Tohono O'odham Community College is a regionally accredited, publicly supported tribal college in Sells, Arizona. TOCC’s student body is 88 percent American Indian/Alaskan Native. Tohono O’odham Community College serves approximately 216 students (61 percent female; 39 percent male). The college’s faculty/staff is 57 percent American Indian, half of whom are O’odham.
TOCC was founded in 1998 when the Tohono O’odham Nation chartered TOCC in Sells, Arizona. The tribe's career center formerly provided associate's degrees and a variety of certificates. TOCC and accepted its first class of students two years later with classes accredited through an intergovernmental agreement with Pima County Community College District in Tucson, AZ. TOCC was fully accredited by the North Central Association of Colleges and Schools in February 2003.
to serve the residents of the Tohono O’odham Nation and nearby communities,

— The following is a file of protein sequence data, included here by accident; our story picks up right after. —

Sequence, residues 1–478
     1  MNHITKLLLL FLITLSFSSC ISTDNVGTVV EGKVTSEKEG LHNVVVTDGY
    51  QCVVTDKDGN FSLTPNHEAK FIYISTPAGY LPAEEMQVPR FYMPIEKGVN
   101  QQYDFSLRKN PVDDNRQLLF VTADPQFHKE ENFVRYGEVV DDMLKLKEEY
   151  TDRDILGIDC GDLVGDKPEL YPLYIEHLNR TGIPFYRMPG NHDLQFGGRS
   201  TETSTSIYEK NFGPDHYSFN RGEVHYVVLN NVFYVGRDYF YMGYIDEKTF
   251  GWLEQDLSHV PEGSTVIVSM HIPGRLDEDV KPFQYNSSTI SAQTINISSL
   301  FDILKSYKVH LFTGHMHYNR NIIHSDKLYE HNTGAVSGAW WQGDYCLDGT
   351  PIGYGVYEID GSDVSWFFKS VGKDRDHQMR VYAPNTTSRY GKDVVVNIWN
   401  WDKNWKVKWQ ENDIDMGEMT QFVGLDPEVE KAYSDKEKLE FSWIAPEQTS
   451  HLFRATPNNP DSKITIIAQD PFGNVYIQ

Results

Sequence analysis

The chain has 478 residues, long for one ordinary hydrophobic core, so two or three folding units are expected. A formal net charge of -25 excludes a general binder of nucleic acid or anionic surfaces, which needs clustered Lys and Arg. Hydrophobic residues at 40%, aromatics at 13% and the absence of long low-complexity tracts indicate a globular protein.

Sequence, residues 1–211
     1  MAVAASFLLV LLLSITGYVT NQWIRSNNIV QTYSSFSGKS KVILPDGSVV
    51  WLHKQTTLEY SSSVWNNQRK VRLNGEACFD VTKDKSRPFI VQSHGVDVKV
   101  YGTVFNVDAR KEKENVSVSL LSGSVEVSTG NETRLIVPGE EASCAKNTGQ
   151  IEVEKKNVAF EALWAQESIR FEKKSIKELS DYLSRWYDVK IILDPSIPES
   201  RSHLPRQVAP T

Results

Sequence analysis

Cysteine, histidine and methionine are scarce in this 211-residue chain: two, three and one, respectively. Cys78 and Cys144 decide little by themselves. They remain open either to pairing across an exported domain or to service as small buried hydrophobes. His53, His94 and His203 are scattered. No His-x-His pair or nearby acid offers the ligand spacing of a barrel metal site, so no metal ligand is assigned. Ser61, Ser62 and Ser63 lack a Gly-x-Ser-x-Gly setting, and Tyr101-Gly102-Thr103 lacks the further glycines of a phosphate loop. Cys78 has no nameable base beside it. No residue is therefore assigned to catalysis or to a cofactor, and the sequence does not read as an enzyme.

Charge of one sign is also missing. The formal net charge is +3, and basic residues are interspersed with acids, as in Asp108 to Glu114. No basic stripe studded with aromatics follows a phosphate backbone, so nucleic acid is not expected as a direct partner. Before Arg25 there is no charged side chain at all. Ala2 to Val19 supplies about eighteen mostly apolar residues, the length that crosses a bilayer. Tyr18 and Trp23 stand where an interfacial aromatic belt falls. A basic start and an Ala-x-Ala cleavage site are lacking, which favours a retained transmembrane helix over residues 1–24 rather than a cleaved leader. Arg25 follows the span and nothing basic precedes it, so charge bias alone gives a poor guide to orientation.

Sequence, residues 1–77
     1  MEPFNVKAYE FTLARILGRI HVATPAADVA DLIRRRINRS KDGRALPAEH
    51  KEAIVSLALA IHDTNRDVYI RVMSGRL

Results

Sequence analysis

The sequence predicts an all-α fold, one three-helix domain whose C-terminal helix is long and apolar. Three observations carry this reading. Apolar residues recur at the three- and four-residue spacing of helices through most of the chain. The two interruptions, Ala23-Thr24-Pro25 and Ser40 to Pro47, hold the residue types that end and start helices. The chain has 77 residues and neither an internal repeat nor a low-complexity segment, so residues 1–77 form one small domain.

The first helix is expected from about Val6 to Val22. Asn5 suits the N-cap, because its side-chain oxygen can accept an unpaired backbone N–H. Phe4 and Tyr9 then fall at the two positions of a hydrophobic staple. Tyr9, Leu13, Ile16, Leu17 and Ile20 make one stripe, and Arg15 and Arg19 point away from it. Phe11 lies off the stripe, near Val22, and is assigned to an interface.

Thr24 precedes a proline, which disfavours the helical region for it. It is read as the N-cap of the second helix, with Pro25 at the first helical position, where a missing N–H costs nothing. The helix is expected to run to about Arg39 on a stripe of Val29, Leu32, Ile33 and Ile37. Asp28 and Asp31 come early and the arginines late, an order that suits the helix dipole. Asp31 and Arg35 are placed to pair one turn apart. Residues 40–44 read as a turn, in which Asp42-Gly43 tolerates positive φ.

to prepare students to contribute to the social, political, and economic needs of the Tohono O’odham Nation and the world
to preserve the O’odham Himdag (cultural way of life).
Although as a public institution the college is open to students of all backgrounds, the school maintains a deep connection to the Tohono O'Odham culture. As part of their curriculum, all students will be exposed to the Himdag, which encompasses a wide array of traditional beliefs and practices of this native group.
TOCC is a member of the American Indian Higher Education Consortium (AIHEC), which is a community of tribally and federally chartered institutions working to strengthen tribal nations and make a lasting difference in the lives of American Indians and Alaska Natives. TOCC was created in response to the higher education needs of American Indians. TOCC generally serves geographically isolated populations that have no other means accessing education beyond the high school level.